Title

The Association of Seed and Cone Predator Populations and Cone Crop Production in Engelmann Spruce

Authors

Dawn E. Cameron

Document Type

Full Issue

Publication Date

1987

Abstract

Engelmann spruce (Picea engelmannii Parry ex Engelm.) exhibits cone crop periodicity, producing seed in a cyclic pattern. Variation in seed production has been noted between individuals of a population, but synchronization on a large scale is common. The theory that ultimately these periodic large cone crops have resulted from the selective pressures of seed and cone predators, referred to as the predator satiation hypothesis, is considered. Assuming predator pressures have operated over evolutionary time to select for periodic synchrony, associations between seed and cone predators and cone crop production levels were anticipated. These potential consequences of predator satiation were examined.

Long-term data from 1948 to 1970 of Engelmann spruce cone production levels and small mammal populations, estimated from trappings, were analyzed for positive associations. Three small mammal categories, mice (Peromyscus spp.), chipmunks (Eutamias spp.) and red squirrels (Tamiasciurus hudsonicus) were examined. Only the correlation coefficient between population indices for mice and cone crop production was found to be significant.

Engelmann spruce cones were collected throughout the summer of a year of low cone production. The impacts and timing of insect infestation were determined in developing cones. The major insects found were western spruce budworm (Choristoneura occidentalis (Freeman) (Lepidoptera: Torticidae)), fir coneworm (Dioryctria abietvorella (Grote) (Lepidoptera: Pyralidae)), and spruce seed moth (Laspeyresia younqana (Kearfott) (Lepidoptera: Olethreutidae)). Insects reduced the survival of cones to 11.48 cones out of 100. The high percentage of seeds and cones lost to insect predation supported previous studies of a similar nature. Both studies examined the potential consequences of the predator satiation hypothesis which has been suggested as an adaptive mechanism for trees to avoid seed and cone predation.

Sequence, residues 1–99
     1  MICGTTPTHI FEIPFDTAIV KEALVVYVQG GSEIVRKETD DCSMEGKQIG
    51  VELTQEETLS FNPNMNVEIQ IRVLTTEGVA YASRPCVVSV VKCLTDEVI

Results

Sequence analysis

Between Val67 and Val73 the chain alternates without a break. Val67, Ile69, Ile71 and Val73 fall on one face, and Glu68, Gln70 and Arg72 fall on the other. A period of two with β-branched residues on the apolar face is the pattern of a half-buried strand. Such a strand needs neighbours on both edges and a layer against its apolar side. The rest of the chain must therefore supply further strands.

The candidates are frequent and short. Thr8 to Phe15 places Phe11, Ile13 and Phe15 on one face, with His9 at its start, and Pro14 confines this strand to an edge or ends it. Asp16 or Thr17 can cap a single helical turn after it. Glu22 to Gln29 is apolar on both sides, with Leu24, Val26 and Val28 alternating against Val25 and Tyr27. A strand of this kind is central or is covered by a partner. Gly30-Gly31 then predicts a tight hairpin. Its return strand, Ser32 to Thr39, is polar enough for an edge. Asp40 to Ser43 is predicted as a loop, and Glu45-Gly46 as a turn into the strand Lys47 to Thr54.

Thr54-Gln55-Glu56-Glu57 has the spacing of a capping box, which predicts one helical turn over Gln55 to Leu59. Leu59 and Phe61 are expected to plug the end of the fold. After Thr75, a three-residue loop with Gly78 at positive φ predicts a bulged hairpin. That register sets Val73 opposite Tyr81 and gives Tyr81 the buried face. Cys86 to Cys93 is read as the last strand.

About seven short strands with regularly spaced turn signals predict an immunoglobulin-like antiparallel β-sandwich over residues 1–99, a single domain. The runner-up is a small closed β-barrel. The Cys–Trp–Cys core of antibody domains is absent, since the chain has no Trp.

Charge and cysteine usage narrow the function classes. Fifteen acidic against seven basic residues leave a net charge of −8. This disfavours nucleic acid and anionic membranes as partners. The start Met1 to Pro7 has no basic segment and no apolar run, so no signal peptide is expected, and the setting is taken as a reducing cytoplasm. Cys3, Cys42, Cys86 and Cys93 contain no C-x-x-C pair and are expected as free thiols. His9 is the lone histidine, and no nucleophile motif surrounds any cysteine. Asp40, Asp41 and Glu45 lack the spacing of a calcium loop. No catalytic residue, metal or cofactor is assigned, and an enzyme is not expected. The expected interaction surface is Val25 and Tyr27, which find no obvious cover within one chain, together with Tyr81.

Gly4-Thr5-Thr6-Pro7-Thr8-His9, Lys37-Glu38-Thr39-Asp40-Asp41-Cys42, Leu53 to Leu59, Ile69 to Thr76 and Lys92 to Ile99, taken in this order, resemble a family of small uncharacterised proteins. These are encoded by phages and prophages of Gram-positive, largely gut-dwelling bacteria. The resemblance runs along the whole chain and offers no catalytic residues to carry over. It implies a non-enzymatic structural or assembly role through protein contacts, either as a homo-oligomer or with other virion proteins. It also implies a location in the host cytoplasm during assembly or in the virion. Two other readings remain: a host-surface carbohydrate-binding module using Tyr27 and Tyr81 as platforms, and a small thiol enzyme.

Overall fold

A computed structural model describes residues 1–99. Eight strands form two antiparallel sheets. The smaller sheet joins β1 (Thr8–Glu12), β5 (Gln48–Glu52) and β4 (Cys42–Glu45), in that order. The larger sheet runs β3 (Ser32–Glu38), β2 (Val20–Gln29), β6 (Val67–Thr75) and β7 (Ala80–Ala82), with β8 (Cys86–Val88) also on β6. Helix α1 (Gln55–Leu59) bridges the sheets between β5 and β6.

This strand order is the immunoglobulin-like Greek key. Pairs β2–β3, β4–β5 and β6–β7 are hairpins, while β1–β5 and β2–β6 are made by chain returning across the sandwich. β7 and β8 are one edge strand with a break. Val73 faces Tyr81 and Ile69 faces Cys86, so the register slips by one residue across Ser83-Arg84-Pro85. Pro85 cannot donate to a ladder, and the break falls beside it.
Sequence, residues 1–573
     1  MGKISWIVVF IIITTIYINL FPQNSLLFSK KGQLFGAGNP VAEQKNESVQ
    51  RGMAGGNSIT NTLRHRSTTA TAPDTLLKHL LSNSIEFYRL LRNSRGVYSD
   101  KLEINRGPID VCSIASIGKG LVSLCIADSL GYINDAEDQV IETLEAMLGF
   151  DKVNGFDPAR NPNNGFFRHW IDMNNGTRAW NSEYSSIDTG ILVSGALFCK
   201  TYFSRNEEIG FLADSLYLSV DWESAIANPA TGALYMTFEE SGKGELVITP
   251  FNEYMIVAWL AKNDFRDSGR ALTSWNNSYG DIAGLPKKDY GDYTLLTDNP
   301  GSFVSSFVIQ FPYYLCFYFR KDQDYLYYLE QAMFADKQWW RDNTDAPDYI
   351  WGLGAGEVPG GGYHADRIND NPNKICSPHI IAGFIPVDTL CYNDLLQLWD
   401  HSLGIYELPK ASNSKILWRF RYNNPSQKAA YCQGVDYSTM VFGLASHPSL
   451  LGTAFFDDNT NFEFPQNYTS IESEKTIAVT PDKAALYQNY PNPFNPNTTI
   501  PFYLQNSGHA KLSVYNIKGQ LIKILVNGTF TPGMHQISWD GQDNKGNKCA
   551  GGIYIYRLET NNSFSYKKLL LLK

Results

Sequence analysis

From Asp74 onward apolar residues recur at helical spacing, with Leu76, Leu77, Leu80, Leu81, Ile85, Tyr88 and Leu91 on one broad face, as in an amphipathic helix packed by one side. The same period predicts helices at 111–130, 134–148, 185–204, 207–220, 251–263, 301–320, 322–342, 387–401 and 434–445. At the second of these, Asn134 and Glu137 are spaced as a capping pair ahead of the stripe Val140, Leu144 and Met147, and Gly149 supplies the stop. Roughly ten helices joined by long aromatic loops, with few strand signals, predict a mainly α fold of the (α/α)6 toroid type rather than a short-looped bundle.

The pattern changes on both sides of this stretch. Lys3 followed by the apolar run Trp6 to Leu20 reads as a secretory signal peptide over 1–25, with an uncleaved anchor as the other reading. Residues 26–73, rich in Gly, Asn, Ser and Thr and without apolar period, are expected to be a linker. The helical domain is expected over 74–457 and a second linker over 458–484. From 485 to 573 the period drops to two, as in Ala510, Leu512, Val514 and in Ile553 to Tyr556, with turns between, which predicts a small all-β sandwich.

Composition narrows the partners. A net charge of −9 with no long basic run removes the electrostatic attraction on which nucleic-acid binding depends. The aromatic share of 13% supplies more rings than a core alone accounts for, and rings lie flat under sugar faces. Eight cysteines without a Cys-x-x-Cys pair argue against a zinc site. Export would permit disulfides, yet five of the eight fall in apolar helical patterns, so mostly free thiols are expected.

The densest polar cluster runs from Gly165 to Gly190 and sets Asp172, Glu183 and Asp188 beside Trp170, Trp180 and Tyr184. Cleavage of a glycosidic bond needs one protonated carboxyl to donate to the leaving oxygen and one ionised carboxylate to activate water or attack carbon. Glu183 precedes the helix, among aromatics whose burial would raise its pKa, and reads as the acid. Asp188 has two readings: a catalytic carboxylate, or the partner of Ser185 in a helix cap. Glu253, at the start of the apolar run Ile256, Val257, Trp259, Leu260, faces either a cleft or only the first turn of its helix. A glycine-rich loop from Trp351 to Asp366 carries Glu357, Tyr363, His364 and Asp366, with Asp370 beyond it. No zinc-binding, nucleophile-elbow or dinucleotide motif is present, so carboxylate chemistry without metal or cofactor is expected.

Comments

This item is a thesis published by a student who attended Utah State University. Abstract can be accessed through the remote link. Fulltext not available online.